Thanks to a remarkable coalition of citizens groups, conservation organizations, corporations and government agencies, the general public is welcome to enjoy access to the spectacular wilderness known as Pyramid Mountain Natural Historic Area. Located within the Borough of Kinnelon and Montville Township more than 1,500 acres of rugged trails, fields, cliffs, and waterfalls provide the visitor with unusual geological and ecological experiences.
Along the Mennen Trail, one of five trails clearly marked with color-coded blazes, hikers will discover special points of interest, such as the Overlook that has a magnificent view of the New York skyline. As you walk along, on the ancient bedrock that forms this trail, you will come upon a unique glacial erratic, known as Tripod Rock. It was deposited here by the Wisconsin Glacier over 18,000 years ago. This famous, 160 ton (est.) boulder is delicately balanced on three smaller boulders. It is believed to have been of spiritual significance to the Lenape Indians. Adjacent rocks may have been utilized astronomically to determine the time of summer solstice, necessary to gathering medicinal “food”, and other useful plants. The area is noted for over 400 species of native wildflowers and plants that it harbors, providing a genetic bank for future generations.
The Pyramid Mountain area and Valley of the Stony Brook provided shelter and was used as a hunting, fishing and gathering area, for over ten thousand years, by Native Americans. As you walk by Bear Rock, the largest glacial erratic in the State, look for the scratches that remind us of Indian folklore of the Great-Naked-Bear, and let their conservation ethic inspire your thoughts and guide your actions.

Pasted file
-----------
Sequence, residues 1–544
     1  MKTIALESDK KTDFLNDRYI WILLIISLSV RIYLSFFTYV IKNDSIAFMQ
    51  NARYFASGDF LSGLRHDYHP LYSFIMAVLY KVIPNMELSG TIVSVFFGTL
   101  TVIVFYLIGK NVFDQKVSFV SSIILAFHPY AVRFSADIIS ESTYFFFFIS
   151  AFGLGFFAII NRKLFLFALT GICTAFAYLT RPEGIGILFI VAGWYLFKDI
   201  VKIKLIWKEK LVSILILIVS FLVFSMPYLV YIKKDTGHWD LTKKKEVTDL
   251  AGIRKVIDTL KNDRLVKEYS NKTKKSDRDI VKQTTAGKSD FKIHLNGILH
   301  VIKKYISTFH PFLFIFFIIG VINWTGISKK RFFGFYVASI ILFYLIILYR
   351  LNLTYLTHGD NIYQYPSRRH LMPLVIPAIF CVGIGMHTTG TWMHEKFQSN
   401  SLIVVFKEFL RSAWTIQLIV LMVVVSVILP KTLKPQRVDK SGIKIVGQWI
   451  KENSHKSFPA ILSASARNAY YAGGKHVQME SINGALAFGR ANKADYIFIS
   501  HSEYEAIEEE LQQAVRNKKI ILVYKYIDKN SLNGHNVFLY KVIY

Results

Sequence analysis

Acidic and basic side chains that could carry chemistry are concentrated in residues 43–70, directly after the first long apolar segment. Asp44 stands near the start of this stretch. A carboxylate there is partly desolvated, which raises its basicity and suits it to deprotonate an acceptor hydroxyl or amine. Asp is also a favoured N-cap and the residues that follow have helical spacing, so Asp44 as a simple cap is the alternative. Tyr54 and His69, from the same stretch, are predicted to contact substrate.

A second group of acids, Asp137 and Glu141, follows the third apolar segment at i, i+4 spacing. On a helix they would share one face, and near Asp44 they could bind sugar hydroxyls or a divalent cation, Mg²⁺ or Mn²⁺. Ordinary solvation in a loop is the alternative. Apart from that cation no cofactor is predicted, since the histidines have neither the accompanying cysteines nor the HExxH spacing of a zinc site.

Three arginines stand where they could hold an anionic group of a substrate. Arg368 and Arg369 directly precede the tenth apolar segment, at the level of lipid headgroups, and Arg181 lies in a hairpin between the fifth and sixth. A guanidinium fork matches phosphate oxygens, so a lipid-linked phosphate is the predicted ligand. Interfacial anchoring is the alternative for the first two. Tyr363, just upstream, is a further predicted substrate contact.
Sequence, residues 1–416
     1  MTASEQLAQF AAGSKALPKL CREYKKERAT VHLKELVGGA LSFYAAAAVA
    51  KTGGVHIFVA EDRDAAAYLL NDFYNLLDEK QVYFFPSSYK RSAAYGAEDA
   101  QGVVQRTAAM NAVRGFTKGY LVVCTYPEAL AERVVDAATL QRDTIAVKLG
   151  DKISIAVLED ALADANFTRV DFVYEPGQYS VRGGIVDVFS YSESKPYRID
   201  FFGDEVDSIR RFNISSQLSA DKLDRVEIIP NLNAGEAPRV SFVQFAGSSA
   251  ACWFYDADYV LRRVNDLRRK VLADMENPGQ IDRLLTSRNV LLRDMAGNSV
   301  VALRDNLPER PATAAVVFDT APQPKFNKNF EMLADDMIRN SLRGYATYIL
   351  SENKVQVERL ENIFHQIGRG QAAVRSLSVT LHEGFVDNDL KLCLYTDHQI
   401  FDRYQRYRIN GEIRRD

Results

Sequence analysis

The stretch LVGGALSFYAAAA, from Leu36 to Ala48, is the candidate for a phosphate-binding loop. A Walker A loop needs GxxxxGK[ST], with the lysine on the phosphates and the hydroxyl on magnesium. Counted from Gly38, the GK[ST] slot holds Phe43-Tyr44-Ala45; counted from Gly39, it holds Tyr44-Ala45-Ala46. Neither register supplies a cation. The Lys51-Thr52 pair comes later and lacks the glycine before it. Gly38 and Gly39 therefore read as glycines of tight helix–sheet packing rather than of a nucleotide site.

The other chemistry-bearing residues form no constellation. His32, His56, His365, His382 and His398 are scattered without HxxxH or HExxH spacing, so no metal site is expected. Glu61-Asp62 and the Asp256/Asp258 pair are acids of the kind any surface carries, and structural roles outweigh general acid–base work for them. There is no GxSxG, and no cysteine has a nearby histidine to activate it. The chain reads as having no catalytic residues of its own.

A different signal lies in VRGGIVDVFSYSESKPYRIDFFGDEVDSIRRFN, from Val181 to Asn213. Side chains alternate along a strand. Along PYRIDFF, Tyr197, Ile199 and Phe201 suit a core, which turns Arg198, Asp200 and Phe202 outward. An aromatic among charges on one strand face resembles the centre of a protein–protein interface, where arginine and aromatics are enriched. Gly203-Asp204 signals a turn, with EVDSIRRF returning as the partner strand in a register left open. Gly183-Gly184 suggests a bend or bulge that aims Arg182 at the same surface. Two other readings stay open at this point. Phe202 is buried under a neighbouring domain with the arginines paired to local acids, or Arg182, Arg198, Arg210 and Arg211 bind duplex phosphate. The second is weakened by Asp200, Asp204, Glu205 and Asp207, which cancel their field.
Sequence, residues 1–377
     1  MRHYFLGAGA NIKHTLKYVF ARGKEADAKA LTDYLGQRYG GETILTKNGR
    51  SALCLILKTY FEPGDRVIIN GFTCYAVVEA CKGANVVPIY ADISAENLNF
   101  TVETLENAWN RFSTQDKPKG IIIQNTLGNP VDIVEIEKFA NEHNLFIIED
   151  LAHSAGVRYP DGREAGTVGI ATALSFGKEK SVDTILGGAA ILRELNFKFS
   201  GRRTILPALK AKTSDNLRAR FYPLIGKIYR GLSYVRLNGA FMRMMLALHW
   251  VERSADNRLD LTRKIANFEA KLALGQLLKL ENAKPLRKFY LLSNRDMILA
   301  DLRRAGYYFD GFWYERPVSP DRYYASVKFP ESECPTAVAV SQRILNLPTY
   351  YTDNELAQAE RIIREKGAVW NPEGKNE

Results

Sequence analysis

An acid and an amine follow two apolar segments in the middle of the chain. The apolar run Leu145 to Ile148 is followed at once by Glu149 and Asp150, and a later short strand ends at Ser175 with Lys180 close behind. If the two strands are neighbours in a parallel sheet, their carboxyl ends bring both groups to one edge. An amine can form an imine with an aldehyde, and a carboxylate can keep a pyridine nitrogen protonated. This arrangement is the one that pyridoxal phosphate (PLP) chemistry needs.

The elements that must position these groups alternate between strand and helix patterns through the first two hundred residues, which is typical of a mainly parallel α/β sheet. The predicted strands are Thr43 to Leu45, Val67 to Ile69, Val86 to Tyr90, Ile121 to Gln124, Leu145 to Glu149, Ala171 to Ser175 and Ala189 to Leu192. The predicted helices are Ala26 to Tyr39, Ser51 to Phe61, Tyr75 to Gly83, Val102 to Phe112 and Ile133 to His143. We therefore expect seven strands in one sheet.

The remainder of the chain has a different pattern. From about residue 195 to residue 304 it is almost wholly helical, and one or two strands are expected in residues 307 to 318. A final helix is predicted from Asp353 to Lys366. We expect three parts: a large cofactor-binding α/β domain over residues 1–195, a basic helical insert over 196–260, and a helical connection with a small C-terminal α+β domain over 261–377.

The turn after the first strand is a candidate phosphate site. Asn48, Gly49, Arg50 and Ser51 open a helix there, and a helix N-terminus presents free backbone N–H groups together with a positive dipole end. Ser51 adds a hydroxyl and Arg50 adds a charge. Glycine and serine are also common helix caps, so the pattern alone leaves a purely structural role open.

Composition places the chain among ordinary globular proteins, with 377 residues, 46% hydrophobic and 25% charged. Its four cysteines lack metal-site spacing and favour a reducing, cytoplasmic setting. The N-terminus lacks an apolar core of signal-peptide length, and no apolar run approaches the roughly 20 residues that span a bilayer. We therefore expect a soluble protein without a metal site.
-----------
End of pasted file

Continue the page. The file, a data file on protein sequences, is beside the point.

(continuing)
The Lenape or Munsee Indians were followed by Dutch settlers who reaped a meager living from the area by farming, mining and charcoaling.
Nearby are the remnants of the Morgan farmhouse, home for the infamous Tar Rope Gang, who were notorious for “borrowing” supplies from the local merchants and were eventually forced into hiding.
Cherished by naturalists, Pyramid Mountain is also known as a significant wildlife sanctuary. More than 100 species of birds and 30 species of mammals have been sighted in the area. Cat Rocks and Big Cat Swamp are named for the bobcat who lives within the caves and shallow depressions of this region. You may spot bear or beaver, an eagle soaring above, or see osprey, herons, and egrets fishing in the reservoir.
As you meander through Pyramid Mountain Natural Historic Area, enjoy the beauty of chestnut oak, mountain laurel, cardinal flower and other native flora. In your sojourn with nature you may catch a glimpse of a Scarlet Tanager, or a Yellow Warbler, who are summer visitors, along with the Red-bellied and Pileated Woodpeckers and Black-capped Chickadee, who are year round residents.
On future visits you may wish to join a guided trail walk offered at the visitors center. You may call 973-334-3130 for information.
The Daily Record description of this extraordinary area, both Pyramid Mountain and the immediately adjacent Turkey Mountain was contained in its series “25 Great Walks in Morris County.”
How to get there
From Mountain Lakes, enter Boonton on Main Street. Turn north (left) at the traffic light onto Boonton Avenue (Route 511). Proceed 3.3 miles on Boonton Avenue. The visitors center is on the left with a small parking lot.